Do you enjoy providing excellent customer service?
Do you want to travel for a living?
Do you feel like you belong in the sky?
Then becoming a cabin crew member sounds like something you should do!
If you’re serious about following this exciting career path, you’ve come to the right place. Below you’ll find all the information you need to start, develop and advance your career as an air steward or stewardess!
The first step you need to take to become a cabin crew member is to gain a clear and thorough understanding of what exactly the role entails. Here’s an overview of the profession, including what to expect on the job and how much money you could make.
Cabin crew members, or flight attendants, are tasked with looking after airline passengers and ensuring they have a safe, comfortable and pleasant flight.
As a flight attendant, your tasks will vary depending on whether it’s a short or long-haul flight, as well as the size of the team you’re working in, though typical day-to-day duties include:
- Attending a pre-flight briefing about the flight and its schedule (you’ll also be informed about things like passengers with any special requirements, for example: diabetic passengers)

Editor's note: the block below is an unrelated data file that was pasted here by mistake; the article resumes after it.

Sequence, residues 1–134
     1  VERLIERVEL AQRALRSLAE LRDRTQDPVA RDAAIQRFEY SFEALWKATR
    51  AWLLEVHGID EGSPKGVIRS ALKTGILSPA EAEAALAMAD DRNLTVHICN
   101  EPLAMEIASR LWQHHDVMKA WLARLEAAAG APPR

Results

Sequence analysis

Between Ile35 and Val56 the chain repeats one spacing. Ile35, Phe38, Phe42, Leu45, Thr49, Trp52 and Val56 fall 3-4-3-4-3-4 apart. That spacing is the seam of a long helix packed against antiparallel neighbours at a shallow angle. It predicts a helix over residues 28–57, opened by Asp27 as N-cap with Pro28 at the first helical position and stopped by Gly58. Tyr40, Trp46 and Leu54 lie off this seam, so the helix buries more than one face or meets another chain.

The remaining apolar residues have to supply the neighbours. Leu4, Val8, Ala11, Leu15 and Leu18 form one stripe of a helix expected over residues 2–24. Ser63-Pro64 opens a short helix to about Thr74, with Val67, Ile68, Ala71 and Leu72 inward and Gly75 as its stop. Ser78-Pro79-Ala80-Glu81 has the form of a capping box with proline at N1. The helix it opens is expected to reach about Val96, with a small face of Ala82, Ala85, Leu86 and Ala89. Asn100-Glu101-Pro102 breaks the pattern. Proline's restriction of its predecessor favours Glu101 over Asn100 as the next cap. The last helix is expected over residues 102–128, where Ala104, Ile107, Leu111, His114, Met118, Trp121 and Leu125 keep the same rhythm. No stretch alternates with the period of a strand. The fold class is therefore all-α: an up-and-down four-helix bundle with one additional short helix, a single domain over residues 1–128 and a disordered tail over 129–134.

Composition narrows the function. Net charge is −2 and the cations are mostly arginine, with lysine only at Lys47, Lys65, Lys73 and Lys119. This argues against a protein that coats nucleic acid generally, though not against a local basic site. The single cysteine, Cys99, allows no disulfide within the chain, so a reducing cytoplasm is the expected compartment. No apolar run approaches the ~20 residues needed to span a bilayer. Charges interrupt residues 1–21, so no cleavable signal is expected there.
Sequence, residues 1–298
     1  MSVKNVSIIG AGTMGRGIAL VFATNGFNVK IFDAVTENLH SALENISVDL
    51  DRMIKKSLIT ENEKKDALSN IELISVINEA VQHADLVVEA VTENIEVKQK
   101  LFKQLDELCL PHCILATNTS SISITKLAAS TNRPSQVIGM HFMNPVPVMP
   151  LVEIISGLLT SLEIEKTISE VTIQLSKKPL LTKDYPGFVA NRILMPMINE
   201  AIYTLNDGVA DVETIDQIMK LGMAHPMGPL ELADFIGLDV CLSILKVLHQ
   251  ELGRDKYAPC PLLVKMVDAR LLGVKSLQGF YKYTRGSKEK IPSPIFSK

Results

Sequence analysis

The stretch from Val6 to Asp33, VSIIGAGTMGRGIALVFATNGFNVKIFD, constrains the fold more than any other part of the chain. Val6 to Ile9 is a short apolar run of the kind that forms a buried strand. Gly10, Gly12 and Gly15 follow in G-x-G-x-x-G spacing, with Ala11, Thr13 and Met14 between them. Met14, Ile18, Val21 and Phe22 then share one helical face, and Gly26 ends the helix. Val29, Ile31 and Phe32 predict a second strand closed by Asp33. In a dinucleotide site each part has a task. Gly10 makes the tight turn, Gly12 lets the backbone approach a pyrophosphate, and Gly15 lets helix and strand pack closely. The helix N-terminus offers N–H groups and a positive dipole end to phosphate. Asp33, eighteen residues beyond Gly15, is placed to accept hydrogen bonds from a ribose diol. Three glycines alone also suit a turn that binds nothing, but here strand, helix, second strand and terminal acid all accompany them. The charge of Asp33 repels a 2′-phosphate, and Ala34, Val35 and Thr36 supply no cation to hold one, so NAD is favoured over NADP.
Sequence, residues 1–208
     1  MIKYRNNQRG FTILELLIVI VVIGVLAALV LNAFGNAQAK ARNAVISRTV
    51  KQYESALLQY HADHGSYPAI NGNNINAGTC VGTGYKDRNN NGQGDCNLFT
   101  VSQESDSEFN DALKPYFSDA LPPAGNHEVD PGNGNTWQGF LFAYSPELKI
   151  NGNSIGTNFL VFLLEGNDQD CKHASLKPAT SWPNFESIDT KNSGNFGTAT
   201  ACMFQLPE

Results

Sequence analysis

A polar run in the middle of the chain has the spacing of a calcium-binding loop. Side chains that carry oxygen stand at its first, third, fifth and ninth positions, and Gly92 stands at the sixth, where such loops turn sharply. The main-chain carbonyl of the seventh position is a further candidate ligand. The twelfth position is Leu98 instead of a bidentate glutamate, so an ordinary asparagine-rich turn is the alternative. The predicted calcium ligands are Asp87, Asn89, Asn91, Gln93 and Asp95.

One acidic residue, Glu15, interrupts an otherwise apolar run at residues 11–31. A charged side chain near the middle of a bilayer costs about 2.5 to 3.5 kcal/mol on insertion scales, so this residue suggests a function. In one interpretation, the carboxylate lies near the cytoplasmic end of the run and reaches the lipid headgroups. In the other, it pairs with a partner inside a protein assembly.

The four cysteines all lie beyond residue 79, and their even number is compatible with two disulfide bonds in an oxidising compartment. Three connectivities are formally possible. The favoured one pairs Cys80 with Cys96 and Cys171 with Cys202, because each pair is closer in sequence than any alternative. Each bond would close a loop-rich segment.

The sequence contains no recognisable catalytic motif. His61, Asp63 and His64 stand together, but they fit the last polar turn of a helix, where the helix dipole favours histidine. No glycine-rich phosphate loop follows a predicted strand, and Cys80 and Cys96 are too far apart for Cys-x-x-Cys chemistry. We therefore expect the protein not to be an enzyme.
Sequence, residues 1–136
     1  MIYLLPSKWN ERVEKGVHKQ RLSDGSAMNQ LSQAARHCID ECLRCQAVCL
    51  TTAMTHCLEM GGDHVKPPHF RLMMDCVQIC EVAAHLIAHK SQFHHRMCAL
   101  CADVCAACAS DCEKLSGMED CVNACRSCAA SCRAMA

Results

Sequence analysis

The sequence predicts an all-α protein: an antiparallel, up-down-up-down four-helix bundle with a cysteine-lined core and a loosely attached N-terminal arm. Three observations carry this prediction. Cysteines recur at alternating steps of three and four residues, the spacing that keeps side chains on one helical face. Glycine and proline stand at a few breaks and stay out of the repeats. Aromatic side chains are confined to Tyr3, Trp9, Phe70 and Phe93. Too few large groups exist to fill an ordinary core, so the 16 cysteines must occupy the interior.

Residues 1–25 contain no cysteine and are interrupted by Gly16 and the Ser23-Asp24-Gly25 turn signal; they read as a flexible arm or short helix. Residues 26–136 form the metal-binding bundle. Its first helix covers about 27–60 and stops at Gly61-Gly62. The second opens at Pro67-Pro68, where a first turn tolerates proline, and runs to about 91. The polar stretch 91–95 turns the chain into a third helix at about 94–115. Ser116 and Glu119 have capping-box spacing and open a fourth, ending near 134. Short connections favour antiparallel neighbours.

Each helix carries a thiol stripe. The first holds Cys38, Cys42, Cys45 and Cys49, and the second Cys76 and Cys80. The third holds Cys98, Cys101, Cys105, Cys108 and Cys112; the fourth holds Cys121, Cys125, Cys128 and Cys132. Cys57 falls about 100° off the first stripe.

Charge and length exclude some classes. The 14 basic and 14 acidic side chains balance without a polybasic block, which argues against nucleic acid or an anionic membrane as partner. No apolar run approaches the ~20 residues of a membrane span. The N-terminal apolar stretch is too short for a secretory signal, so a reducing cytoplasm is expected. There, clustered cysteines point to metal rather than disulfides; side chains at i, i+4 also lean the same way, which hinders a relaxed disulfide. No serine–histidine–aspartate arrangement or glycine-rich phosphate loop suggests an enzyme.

- Carrying out pre-flight duties, including ensuring there are enough supplies on the plane and that emergency equipment is working properly
- Greeting and welcoming passengers on board and directing them to their seats
- Carrying out safety demonstrations
- Ensuring all hand luggage is securely stored away
- Checking all seat belts and galleys are secure before take-off
- Making sure passengers are comfortable during the flight
- Serving meals and refreshments
- Selling duty-free goods to passengers and advising them on any allowance restrictions
- Making announcements on behalf of the pilot
- Answering passengers’ questions
- Reassuring passengers in the event of an emergency, and ensuring they follow safety procedures correctly
- Giving first aid, where necessary
- Making sure passengers disembark the aircraft safely
- Checking there are no luggage, stowaways or suspicious items left on board
- Writing a flight report, noting any unusual incidents